Selective oviposition is widespread in anurans because it significantly affects the survivorship of their offspring, especially when environmental conditions are heterogeneous and potentially unfavorable. In the present study, we aimed to determine whether female oriental fire-bellied toads (Bombina orientalis) selectively lay eggs to increase their progeny's survival. We studied the Jeju Island population because the streams on this island are ephemeral, so the timing and site of egg-laying can be important for the survival of their progeny. We surveyed all pools in a specific area of an ephemeral stream for two years to determine whether female B. orientalis selectively lay eggs in certain pools to increase their progeny's survival. The characteristics of pools in our study sites varied especially in size that ranged from 0.01 to 36 m2 in surface area. We found that female B. orientalis avoid laying eggs in very small pools where the risk of desiccation or over-heating of water is high. However, unexpectedly, they also avoided large pools and primarily laid eggs in the pools that are not very small or large. In terms of timing, egg-laying took place in association with the timing of rain: the number of pools with egg clutches decreased as the number of days since the last rainfall increased. Females also avoided laying eggs in pools that were already occupied by tadpoles. Field experiments demonstrated that the degree of cannibalism on eggs by conspecific tadpoles is intense in this species. These findings collectively indicate that B. orientalis that live in a fluctuating environment show complicated oviposition behavior that mediate both desiccation and cannibalism risks.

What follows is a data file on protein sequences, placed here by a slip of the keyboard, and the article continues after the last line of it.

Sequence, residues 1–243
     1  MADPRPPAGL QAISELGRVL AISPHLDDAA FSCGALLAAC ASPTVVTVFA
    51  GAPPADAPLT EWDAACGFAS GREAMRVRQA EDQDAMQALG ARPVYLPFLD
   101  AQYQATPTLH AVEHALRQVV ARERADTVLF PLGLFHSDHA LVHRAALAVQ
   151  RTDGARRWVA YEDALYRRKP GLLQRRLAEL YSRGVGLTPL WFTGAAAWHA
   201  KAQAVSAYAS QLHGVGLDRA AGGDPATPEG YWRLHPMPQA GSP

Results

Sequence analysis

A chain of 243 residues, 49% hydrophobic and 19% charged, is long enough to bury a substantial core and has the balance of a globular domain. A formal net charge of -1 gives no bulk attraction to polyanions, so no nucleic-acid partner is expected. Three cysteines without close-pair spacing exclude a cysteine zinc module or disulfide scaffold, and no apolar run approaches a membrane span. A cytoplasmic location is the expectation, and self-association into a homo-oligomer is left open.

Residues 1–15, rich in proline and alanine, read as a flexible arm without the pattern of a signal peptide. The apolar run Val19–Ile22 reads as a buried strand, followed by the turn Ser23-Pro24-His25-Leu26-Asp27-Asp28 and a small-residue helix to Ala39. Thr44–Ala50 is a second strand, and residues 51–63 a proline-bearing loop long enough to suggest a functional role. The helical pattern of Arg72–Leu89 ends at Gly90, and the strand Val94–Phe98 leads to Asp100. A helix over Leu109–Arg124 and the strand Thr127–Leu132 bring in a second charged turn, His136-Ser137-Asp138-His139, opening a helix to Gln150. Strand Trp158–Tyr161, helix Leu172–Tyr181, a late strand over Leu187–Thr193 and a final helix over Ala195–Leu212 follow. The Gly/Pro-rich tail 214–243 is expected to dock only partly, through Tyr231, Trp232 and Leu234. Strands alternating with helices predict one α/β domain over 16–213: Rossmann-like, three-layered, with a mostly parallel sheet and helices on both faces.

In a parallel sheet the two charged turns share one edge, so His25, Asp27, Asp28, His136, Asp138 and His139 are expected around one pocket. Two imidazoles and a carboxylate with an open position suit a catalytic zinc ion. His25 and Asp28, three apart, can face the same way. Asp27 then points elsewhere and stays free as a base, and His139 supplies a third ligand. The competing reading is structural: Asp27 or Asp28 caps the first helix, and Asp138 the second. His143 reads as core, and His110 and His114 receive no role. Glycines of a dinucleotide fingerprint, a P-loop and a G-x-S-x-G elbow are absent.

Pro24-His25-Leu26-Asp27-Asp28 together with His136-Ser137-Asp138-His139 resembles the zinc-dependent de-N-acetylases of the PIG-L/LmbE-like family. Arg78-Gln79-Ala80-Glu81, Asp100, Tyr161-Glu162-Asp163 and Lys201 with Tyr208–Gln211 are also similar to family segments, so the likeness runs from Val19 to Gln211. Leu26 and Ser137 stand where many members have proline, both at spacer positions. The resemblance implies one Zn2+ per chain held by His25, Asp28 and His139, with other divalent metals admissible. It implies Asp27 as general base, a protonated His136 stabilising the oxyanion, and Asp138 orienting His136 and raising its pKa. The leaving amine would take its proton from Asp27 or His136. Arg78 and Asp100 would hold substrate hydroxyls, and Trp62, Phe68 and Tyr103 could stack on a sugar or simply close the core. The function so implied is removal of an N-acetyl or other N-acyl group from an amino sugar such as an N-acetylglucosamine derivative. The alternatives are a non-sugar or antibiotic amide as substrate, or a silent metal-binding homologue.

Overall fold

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Vol. 40 • No. 2